Signal Microcontroller Simulator using AT90S8515


The purpose of this project was to extend the Mixed Signal AVR simulator written in Fall 02 so that any single-issue microprocessor could be included in the simulation environment rather than limiting the simulations to systems based around ATMEL AT90S8515 series microcontrollers. In order to achieve this goal, a general architectural description language (ADL) simulator was written and the user was provided with abtractions that allow the full specification of a microcontroller model and the corresponding memory hierarchy. Furthermore, the capabilities of the pre-existing simulator were extended to handle multiple microcontrollers at the same time. The final version of the mixed-signal MCU simulator was tested by implementing a 32-bit, single-issue MIPS microprocessor and L1-cache system. The correctness of this model was verified by comparing against a Verilog model of the same processor. In order to verify the operation of the ADL  Analog interface of the extended simulator, two instances of the MIPS processor were included in a sinewave-generator and run in parallel. Test results showed that the extended version of the simulator successfully handled two MIPS MCUs running in parallel in a mixed-signal environment.
Signal Microcontroller Simulator

High Level Design:

The final version of the simulator was written entirely in Java programming language. The code was organized roughly as depicted in the figure below, where each box represents a class and arrows denote the interaction of one class with another. On each arrow, outputs of one type of object that are passed to another object as inputs are shown (eg, the parser passes an array of logic elements to class Logic). For simplicity, only the major classes and the main inputs/outputs of those classes are shown, while a complete listing of the code can be found under the listing section.
Program Organization-
The major difference between the current and the previous versions of the project is that the Hex File Reader has been replaced by the ADLSimulator class.
The ADLSimulator is the superclass of all MCU models and is intended to hide the unnecessary details of cycle-accurate simulation and analog digital interfacing from the user. The ADLSimulator takes the MCU models, the states of the instruction memories at time t=0, and mask files as inputs. It generates instances of the models referenced in the netlist files and loads these models with the proper instructions. The loaded models are passed to the solver class.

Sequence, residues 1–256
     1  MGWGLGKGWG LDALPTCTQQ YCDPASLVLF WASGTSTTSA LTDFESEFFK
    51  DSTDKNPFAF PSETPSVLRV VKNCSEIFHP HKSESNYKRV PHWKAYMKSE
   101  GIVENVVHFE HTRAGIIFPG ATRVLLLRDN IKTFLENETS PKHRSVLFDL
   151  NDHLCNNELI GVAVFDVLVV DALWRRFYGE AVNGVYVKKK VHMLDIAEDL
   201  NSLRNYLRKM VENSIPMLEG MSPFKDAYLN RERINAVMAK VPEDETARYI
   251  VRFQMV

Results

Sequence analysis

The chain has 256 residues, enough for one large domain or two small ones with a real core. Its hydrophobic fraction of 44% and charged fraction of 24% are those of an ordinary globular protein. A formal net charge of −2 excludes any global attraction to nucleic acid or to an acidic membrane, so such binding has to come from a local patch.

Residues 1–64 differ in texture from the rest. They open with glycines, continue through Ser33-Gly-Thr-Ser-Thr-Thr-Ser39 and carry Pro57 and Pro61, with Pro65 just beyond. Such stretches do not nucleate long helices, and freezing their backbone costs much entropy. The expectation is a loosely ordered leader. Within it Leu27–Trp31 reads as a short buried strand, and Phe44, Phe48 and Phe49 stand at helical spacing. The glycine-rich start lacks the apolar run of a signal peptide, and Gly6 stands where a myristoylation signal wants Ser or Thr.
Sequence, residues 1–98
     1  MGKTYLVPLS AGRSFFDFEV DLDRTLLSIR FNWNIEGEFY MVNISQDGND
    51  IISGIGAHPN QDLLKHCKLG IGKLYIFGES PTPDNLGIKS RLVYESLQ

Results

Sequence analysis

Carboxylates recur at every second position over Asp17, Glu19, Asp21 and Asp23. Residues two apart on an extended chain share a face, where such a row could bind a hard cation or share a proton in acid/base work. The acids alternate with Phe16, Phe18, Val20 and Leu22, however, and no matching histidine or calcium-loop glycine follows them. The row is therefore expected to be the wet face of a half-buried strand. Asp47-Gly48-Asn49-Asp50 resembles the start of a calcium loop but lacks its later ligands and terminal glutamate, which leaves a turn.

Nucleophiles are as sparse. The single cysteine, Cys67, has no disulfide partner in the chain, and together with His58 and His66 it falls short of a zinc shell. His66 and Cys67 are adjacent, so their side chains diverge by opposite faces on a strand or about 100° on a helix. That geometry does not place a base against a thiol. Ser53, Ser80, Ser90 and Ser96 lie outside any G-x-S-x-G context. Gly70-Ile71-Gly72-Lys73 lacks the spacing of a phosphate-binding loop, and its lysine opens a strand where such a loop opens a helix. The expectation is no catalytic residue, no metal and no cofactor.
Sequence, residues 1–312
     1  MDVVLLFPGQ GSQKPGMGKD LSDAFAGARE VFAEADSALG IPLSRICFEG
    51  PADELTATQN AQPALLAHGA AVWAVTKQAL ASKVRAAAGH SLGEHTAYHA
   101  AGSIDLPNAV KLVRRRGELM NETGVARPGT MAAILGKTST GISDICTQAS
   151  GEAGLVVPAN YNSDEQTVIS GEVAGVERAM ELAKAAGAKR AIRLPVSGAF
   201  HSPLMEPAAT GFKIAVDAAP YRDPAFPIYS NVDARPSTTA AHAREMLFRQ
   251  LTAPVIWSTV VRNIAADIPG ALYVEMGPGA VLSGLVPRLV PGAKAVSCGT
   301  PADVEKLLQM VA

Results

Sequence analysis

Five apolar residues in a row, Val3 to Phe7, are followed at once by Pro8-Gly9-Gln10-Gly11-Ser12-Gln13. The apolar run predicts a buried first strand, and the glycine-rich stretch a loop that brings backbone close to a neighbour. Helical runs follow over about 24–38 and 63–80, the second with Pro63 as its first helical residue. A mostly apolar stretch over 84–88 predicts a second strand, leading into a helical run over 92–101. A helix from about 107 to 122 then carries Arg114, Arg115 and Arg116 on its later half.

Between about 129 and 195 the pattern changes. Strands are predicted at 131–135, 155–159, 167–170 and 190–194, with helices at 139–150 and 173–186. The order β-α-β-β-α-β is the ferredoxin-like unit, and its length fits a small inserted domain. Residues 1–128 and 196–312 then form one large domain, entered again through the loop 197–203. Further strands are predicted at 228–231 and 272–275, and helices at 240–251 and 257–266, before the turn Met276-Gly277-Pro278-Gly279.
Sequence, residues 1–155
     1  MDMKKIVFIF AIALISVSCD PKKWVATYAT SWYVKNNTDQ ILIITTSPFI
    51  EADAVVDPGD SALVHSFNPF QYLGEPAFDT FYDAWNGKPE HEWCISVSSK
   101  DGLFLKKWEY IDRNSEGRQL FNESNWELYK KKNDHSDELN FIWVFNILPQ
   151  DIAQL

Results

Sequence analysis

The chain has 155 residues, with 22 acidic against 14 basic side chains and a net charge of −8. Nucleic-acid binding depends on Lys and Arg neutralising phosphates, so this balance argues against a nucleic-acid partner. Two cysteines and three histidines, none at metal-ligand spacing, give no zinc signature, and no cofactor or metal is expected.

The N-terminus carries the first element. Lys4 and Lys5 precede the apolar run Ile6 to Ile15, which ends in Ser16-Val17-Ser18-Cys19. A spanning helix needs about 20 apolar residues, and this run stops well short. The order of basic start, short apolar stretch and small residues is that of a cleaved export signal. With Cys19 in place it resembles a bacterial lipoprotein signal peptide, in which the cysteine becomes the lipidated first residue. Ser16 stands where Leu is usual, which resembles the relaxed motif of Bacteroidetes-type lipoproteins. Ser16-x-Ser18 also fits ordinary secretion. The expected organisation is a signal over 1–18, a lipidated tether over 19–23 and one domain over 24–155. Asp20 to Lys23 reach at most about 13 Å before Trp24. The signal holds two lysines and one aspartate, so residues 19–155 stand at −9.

Aside form this difference, the solver and the compiler classes were modified significantly to handle general CPU models rather than the hardcoded 8515 model, and further modifications to these files were made to simulate an arbitrary number of CPUs oncurrently. However, the basic working principles of the simulator, the analog-digital interfaces and the algorithms used for analog simulation have remained unchanged.


In order to test the operation of the simulator, two MIPS models were run in parallel in a sinewave generator application. The first processor was used to generate the sinewave by performing memory mapped I/O. Memory address 0 was declared as a port in the netlist file, and this PORT was connected to the rest of the analog circuitry as shown below. In order to test correct parallel operation, the second CPU was loaded with instructions that toggle the memory location 0 between 0 and 1. for the second CPU, the least significant bit of memory location 0 was declared as a port and connected to ground through a 1K resistor (not shown). The netlist file that describes the se connections is shown below. The assembly instructions running on the processors is also listed. The corresponding MIPS model is included in the listing section.
The netlist file describing the hardware in the schematics is provided at the right.
The first lines describe an R-2R ladder DAC, followed by the connections to the first
cpu and the logic gates. This is followed by the port declaration for the second cpu.
The dump statements at the end specify the nodes whose values are to be stored into
excel and vcd files for viewing after the simulation. These nodes are also named in the body of
the dump statements to facilitate the viewing process. A more detailed explanation
of the changes to the netlist file format can be found under the netlist files section.
The MIPS assembly instructions running on the two processors are listed below. The code was assembled using the ECE 475 MIPS cross compiler.
For more detail: Signal Microcontroller Simulator using AT90S8515

About The Author

Ibrar Ayyub

I am an experienced technical writer holding a Master's degree in computer science from BZU Multan, Pakistan University. With a background spanning various industries, particularly in home automation and engineering, I have honed my skills in crafting clear and concise content. Proficient in leveraging infographics and diagrams, I strive to simplify complex concepts for readers. My strength lies in thorough research and presenting information in a structured and logical format.

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